During a recent voyage on Queen Mary 2, I participated in two art programs that were part of the ship's onboard programming. Although the programs were very different, I found both rewarding.
On Queen Mary 2, as on a number of cruise ships, watercolor classes are a standard feature of the programming.
The classes are held twice a day when the ship is at sea. Most of the guests participating in the classes on this voyage came each day to the morning class or each day to the afternoon class. However, you could attend a morning class one day and an afternoon class the next day. There was also no requirement that you come every day. Whether to come, when to come and how long to stay was entirely up to each guest.
Limited to 25 guests, participation is determined on a first come, first served basis. On this voyage, the guests were a broad cross section of the passenger list. They came from several nationalities, were of different ages and included both men and women.
There was a $35 one-time fee to cover the cost of supplies. In exchange for this fee, each guest received a set of Winsor & Newton watercolor paints, three Winsor & Newton brushes, a pad of Winsor & Newton watercolor paper, a Conte a Paris drawing pencil, a sharpener and an eraser. Nice quality materials.
The instructor on this voyage was Susan Klibanoff. Ms. Klibanoff is not a permanent member of the ship's company. Rather, she is an artist with a background in a number of art forms including Chinese and Japanese painting, textiles and jewelry making. Once or twice a year, she teaches classes on cruise ships.
Her approach was easy-going and informal. Once the participating guests assembled, she would give a demonstration explaining how she painted a particular subject such as a sunset, birds or sunflowers. The guests would then return to their tables and create their own versions of the subject Ms. Klibanoff had painted.
After the guests had worked for awhile, Ms. Klibanoff would come around to each guest offering comments, suggestions and encouragement.
The classes were geared toward amateur artists. Some of the participants were novices but others had substantial experience with painting or other art forms. There was some conversation as the participants worked. However, most seemed absorbed in their work. Several participants said that they found the process relaxing.
I have done quite a few paintings over the years. Nonetheless, I found the classes worthwhile. The style I normally use is different than the style that was taught in the classes and it was good to explore a different way of doing things. Also, just having a set time each day dedicated to making art was enjoyable.
On the final day of the voyage, there was no afternoon class. Instead, there was an exhibition of the guests' work. A guest could submit as many works as he or she wanted but there was no requirement that a guest submit any work. The exhibit was announced in the daily program and all guests were invited to attend,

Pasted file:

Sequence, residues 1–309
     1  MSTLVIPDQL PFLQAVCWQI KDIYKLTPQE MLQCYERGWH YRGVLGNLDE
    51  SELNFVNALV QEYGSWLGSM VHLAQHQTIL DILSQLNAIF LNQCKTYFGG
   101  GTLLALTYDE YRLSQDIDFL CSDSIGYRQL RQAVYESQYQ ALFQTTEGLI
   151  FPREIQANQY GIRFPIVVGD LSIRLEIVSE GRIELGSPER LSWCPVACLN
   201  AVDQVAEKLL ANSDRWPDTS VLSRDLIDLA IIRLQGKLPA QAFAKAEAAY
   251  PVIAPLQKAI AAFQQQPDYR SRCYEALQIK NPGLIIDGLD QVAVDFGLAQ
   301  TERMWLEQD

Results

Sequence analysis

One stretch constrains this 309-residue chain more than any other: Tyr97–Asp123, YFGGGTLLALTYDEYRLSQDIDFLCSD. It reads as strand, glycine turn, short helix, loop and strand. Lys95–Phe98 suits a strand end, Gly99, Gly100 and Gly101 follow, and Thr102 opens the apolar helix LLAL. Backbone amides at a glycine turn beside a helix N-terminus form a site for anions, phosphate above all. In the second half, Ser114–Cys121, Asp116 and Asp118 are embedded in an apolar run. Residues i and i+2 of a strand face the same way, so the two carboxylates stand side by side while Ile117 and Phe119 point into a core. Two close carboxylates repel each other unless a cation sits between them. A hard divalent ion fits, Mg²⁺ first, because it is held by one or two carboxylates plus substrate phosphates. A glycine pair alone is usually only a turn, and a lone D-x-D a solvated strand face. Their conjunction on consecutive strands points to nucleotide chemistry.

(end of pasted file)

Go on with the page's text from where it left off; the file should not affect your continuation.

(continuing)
I also participated in a workshop on fashion illustration taught by fashion historian and artist Colin McDowell, MBE. This workshop is not a feature on every QM2 crossing. Rather, it was a special program, part of the second annual Transatlantic Fashion Week.
Having attended Mr. McDowell's workshop during the first Transatlantic Fashion Week in 2016, I was looking forward to attending the 2017 workshop. Mr. McDowell is a person of great intelligence and wit and I found his insights valuable not just with regard to fashion illustration but as to drawing and art in general.
There were to be two workshops during this transatlantic crossing, limited to 20 participants each. On the first evening of the voyage, I went to the Purser's Desk to sign up and was startled to find that the first workshop was already closed. Word about the value of these workshops had clearly gotten out.
The participants who I spoke with were quite serious about their art. Several had exhibited works ashore. However, there were also people who were just interested in the topic and looking for a rewarding experience.
Mr. McDowell went through a series of slides of works by some of the great fashion illustrators of the past, commenting on their works.
Using markers and paper supplied by Cunard, the participants did drawings from two live models. Mr. McDowell pointed out the shadows and points to emphasize in each model's pose. He also went around the room commenting and giving encouragement to each student.
The final task was to take an illustration done by Mr. McDowell and make it into your own. Thus, the object was not to copy his drawing but to change and personalize it so that it was a new work.
As with the 2016 workshop, I found this class both energizing and inspiring.
Above: Materials for the watercolor class on Queen Mary 2.
Above and below: Watercolors done during the watercolor class.
Above: Colin McDowell conducting a workshop on fashion illustration aboard Queen Mary 2.
Above and below: Drawings done during the fashion illustration workshop on Queen Mary 2.